The power of the traditional Thai treatments comes from the demonstrable curative properties of plants. It was not just ancient healers, but local folk who knew that certain herbs, roots and flowers had specific abilities to rejuvenate the body and nourish the skin and hair. The herbs used in Thai health and beauty treatments have beneficial effects on the body both inside and out – for example, the same herbs used in the famous tom yum soup are also used as ingredients in typical Thai beauty treatments, thus nourishing the body from both inside and out.

Some of the most effective Thai herbal remedies are common ingredients in Thai cuisine, and are easily found in any household refrigerator, local supermarket, or plucked from the garden.

Lemongrass
This famous indigenous herb is synonymous with Thai food and gives the zesty lemony scent that often greets visitors upon stepping into a Thai spa. It is easily found in any Thai supermarket and is very inexpensive. Lemongrass is a traditional remedy for skin irritations and in olden days was burned as a cleansing agent. As aromatherapy oil, it is useful for treating headaches and as an insect repellent. In spa treatments, it is used in herbal steam and herbal compresses, and when used in aromatherapy oil massage, it helps boost circulation and speed up healing.

Turmeric
This rhizome is member of the ginger family and is easily recognized by its bright orange-coloured flesh. It is easily found in any supermarket because it’s a popular and flavoursome ingredient in Thai curries. Turmeric is one of the key ingredients in traditional Thai herbal treatments, and you’ll find a wide variety of herbal soaps and skin products made of this miracle root, which is known for its antiseptic properties and ability to heal skin ailments. It is used powdered and crushed in skin healing concoctions.

Prai
Another relative of the ginger family, prai looks like bigger and more bulbous version of ginger. It’s recognizable by its bitter, soil-like smell. Prai has long been used in traditional Thai body treatments as an ingredient in hot compresses to relieve muscular aches and pains. As a beauty product, it’s been used by generations of Thai women as a natural moisturizer to tone and soften the skin. Prai oil is also used as a traditional scalp conditioner.

Galangal
This rhizome is often mistaken for ginger, but can be distinguished by its whitish color with a pinkish tinge on the ends. It is a popular ingredient that gives certain Thai soups and curries their familiar tangy aroma. It was used traditionally to cure skin diseases and is now used in spa treatments as an ingredient in body wraps to soothe and nourish the skin.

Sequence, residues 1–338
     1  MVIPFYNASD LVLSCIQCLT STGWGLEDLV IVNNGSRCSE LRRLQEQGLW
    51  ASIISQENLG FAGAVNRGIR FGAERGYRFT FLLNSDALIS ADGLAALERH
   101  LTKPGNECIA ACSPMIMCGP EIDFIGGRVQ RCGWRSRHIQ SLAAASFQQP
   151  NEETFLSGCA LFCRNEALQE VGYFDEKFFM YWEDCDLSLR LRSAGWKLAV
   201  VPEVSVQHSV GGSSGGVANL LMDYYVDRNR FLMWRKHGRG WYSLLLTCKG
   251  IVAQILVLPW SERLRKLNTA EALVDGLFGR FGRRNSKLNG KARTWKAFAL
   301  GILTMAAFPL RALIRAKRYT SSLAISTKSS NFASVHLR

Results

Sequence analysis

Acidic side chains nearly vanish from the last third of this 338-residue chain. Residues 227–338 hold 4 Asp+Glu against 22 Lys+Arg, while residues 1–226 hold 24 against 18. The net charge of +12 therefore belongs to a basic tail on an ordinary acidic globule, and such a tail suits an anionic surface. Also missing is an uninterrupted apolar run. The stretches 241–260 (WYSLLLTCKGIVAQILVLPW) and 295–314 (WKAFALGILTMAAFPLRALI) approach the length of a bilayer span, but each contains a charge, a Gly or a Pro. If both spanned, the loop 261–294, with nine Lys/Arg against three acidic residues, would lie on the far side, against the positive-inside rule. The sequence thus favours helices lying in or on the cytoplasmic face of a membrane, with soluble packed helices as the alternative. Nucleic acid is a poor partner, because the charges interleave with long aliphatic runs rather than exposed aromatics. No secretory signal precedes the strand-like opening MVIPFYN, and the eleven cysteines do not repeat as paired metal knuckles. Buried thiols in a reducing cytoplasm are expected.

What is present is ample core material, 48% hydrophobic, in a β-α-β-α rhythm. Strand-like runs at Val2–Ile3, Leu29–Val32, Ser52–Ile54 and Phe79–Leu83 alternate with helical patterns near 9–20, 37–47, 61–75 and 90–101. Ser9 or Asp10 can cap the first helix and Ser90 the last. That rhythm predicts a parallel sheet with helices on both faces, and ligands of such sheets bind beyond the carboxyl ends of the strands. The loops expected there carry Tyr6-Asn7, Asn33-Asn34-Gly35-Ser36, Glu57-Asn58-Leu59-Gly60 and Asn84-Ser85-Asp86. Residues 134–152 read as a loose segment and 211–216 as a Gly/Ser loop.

Kaffir Lime
This bumpy green lime is a familiar ingredient in Thai cuisine and is easily found in any Thai supermarket. Its fragrant leaves add a distinctive lemony aroma to many Thai soups and curries. While the fruit itself is inedible, its juice and oil from the peel have been used as a natural hair and scalp treatment for centuries. It is still a popular ingredient in modern day shampoos to give hair a silky shine.

Thai Heat-based Therapies
In heat-based therapies, such as herbal sauna, herbal steam and heated herbal compresses (also commonly referred to as ‘herb balls’ or luuk prakob), heat acts as the catalyst. Practitioners of old knew that heat applied to the body helped relax the muscles as well as prepare the skin for treatment. For example, the use of steam and sauna opens the pores and softens the skin, enabling the skin to easily absorb the therapeutic properties of herbs.

While Thai spas have many unique aspects, perhaps the most unique and appealing aspect of Thai spa treatments is the charming natural warmth, gentle touch and graceful hospitality of the Thai people who administer the treatments. The most striking aspect of Thai spas that visitors cannot find in any other country is the famous Thai smile and the cheerful friendliness that is intrinsic in Thai culture. The warmth of the Thai touch adds that extra dimension to the Thai spa experience, and makes it stand out from others in the region.

With their ancient heritage of healing, spirituality and indigenous herbal ingredients, Thai spa therapies offer more than just superficial pampering treatments – they are a living manifestation of the country’s rich and ancient cultural and spiritual heritage, keeping the ancient traditions alive and relevant in contemporary modern life.

Article written by Chami Jotisalikorn.

ABOUT THE AUTHOR
Chami Jotisalikorn is the author of The Thai Spa BookThailand’s Luxury Spas; andThailand Chic (luxury travel guide), among many other books on Asian style, design, travel, and culture. Her books are sold worldwide in 6 languages and on amazon.com. She is a judge for the AsiaSpa Awards (Hong Kong), the region’s premiere spa industry awards.